About Us

Chaddesley Corbett

POST BOX IN THE VILLAGE

THIS IS NO MORE ! This has now been sealed shut ! At the time of writing, Royal Mail have DECOMMISSIONED the post box in the middle of the village without the courtesy of prior notification or consultation. The nearest places to mail your mail are - BRIER HILL - and THE FOX - or THE POST OFFICE @ Rowberry’s.

Chaddesley Corbett Endowed Primary School

Due to our consistent success, we have been offered the opportunity and funds by Worcestershire Children First, as the site for a 10 place Mainstream Autism Base (MAB)
What is a Mainstream Autism Base?
A mainstream Autism Base is a dedicated building and area within a mainstream School serving the needs of children with Autism. Ours would have 10 children.
How do children get a place in the base?
Why is Chaddesley Corbett Primary School a good choice?
Our school is a fantastic choice because we have an absolutely outstanding environment with an already embedded ethos of meaningful outdoor learning. This makes it a brilliant choice for ALL children as well as children with complex needs.
Would the base be separate from the rest of the school?
The base would be within the school grounds and children from the base would be our pupils. They would be able to move, with supervision, around the school to work in groups or use the library, hall and outdoor learning space. The base would have its own classrooms, play area, toilets and staff.
How will the base affect the rest of the children?
Children who have an EHCP (Education Health and Care Plan) for Autism which says they need a specialised unit within a mainstream school would be referred directly by the local authority. Parents going through the EHCP process with their child would be able to state that because of our care, we are their choice of school. As Mainstream schools receive increasing numbers of pupils with complex needs we are confident that growth by having a base will ensure that ALL learners benefit. With our enhanced provision and on site expertise we would eliminate any distraction by expertly better meeting the needs of pupils who aren’t placed in the base but would benefit from us having specialsts in the base.
What is the next step?
A consultation process. We need to hear everybody’s views and concerns. We are really excited and proud but understand there will be a lot of questions. We will share more detailed information and have some meetings. We want to hear from Parents and the local community.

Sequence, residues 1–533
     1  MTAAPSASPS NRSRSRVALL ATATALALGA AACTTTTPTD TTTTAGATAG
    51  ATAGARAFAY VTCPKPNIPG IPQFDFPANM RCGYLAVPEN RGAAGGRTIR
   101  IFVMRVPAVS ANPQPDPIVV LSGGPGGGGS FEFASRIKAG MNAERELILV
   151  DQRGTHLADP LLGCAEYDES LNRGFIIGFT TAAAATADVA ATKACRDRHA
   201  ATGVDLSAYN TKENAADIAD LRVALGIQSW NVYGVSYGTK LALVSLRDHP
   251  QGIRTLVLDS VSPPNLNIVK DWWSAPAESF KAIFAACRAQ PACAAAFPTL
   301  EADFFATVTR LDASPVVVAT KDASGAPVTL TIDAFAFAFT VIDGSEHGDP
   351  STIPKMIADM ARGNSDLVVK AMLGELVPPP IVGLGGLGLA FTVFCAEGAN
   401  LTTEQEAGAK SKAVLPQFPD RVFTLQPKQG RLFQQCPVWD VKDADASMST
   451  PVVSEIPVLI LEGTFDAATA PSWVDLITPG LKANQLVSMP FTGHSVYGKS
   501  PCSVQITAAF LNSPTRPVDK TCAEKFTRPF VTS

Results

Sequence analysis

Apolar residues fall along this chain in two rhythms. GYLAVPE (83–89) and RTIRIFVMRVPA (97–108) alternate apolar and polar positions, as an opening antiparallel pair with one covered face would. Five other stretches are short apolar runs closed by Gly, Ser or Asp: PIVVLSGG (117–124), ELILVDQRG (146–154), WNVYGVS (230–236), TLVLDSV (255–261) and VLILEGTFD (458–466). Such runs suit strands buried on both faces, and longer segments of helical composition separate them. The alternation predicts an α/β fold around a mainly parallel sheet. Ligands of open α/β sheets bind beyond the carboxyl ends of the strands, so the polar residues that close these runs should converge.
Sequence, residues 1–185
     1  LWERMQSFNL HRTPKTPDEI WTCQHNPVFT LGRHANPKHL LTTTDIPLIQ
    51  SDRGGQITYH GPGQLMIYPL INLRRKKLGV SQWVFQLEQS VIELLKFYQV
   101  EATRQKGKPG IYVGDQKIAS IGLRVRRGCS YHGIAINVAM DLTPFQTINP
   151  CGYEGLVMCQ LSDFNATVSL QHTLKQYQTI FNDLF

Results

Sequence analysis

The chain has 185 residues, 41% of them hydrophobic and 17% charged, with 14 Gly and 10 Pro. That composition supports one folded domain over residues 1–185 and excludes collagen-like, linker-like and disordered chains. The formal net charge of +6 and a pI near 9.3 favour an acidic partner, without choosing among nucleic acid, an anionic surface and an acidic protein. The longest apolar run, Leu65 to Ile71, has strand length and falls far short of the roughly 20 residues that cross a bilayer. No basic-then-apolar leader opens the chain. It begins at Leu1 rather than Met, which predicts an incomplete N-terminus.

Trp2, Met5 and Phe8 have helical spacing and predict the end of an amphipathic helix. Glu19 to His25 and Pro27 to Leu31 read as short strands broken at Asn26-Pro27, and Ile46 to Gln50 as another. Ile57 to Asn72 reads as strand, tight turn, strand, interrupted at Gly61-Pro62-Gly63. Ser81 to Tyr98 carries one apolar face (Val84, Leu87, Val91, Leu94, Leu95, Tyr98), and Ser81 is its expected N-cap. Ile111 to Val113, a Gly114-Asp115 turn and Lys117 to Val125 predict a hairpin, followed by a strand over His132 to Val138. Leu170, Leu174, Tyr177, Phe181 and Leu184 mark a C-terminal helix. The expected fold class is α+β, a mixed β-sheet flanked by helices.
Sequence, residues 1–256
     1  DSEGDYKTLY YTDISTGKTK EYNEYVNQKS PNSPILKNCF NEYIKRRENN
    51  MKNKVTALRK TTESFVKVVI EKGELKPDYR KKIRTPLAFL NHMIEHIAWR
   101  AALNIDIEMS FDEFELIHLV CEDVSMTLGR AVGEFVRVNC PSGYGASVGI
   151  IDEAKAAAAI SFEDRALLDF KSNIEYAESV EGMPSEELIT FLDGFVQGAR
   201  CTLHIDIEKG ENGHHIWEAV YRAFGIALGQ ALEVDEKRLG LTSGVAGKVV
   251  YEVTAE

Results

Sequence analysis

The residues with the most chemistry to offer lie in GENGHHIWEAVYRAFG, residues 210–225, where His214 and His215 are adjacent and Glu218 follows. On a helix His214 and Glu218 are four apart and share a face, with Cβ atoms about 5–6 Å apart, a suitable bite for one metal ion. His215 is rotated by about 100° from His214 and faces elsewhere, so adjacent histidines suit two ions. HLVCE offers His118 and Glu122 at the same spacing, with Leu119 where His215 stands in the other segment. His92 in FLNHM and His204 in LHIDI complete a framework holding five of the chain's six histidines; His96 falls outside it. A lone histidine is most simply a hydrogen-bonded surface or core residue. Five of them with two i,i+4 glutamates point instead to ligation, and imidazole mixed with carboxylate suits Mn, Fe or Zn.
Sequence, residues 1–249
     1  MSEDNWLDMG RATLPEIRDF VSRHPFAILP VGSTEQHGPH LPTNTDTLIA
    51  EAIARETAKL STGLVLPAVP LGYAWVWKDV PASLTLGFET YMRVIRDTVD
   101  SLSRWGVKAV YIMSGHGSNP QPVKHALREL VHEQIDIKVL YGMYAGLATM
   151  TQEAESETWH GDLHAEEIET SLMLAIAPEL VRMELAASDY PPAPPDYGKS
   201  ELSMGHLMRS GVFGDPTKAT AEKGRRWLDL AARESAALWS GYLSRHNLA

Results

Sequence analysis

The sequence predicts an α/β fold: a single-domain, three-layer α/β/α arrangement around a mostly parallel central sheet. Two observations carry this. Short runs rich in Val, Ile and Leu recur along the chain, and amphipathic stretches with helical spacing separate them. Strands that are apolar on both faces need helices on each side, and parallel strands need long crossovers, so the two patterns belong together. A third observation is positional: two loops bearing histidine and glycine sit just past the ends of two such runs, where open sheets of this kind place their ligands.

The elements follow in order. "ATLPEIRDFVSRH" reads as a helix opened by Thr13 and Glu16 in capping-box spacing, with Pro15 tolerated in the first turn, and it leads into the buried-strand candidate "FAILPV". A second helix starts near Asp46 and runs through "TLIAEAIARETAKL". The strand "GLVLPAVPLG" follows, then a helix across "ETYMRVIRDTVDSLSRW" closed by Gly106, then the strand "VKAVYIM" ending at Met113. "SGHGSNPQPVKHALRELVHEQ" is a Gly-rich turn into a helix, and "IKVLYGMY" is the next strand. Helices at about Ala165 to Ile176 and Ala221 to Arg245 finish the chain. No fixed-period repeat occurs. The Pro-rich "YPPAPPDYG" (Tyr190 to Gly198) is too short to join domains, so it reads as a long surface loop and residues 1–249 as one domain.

Gardeners’ Club The Society’s AGM ought to be held during the first three months of the year. This is obviously not possible in present circumstances .. but we will convene as soon as circumstances allow. Top jobs this month: Harden off dahlias: This year’s great new hope is Dahlia 'Jomanda’ and 'Karma Fuchsiana’, both of orangey salmon colouring. Cacti and succulents: Cuttings of succulents take easily at this time of year. Pull off a leaf of an echeveria or a pachyphytum and set it aside to callous over for a few days, then push it gently into very gritty compost. Net gains: Just draping nets over fruit bushes is a path to accidentally trapping birds: make small cages from batons of wood and net that you can lift off for harvesting. Meadow land: If you sowed a small patch of meadow in late autumn or early spring, thin it now. Globe artichokes: Remove winter mulch protection from around plants, feed, water and mulch with compost or manure. Pinch beans: Pinch out broad beans as soon as flowers appear to keep black fly at bay, and support plants if leaning. Currant affairs: Ensure good flowering next spring by cutting the flowered shoots back to a strong young shoot further down the stem. Cut out about a third of the oldest stems completely. Selection of tomatoes: If you plan to plant your tomatoes into pots, consider vintage long tom pots made with drainage holes in the sides and should be slightly buried. The roots then escape the pots and search for moisture. Clematis: When montana has finished flowering it is a good time to give it a haircut, before it swamps your shed. Shear it all over for a tidy-up. Spuds you’ll like: Now is the time to earth up your potatoes to prevent them from turning green. Eucalyptus leaves: Chop yours to the ground now and you will soon see a flush of new glaucous foliage. Repeat every few springs. Rocks away: It’s time to plant up new alpine troughs and rock gardens. First add lots of drainage to the base, then make a half-grit, half-compost mix.

“Thank You, Susie”

After six years, Susie will be retiring as church warden at the end of this month, having shared these responsibilities for three years with Beth and then three years with Clare Stockford. She followed her father, William Page who was warden between 1970 and 1974. Her family helped found ‘Friends of Saint Cassian’ and she will continue in post as Chair of the Friends. During her time she has helped raise £120,000 and rebuilt the organ, added a new footpath to the churchyard, replaced all the church lights with energy-saving LED ones and the electrics re-wired. All this on top of the usual round of fetes and fund-raisers, coffee mornings and quiz nights. Susie has been a blessing on the parish and of benefit to us all. Thank you, Susie, for all you have done for us.

WOMENS’ INSTITUTES

CHADDESLEY CORBETT W. I.

ZOOM MEETING on Wednesday 5th May Christine on 77 00 74

BROCKENCOTE W. I.

It is hoped to arrange outdoor meetings - 3rd Wednesdays - in July & August; with meetings back in the Village Hall from September. Roni Pardoe on 777 338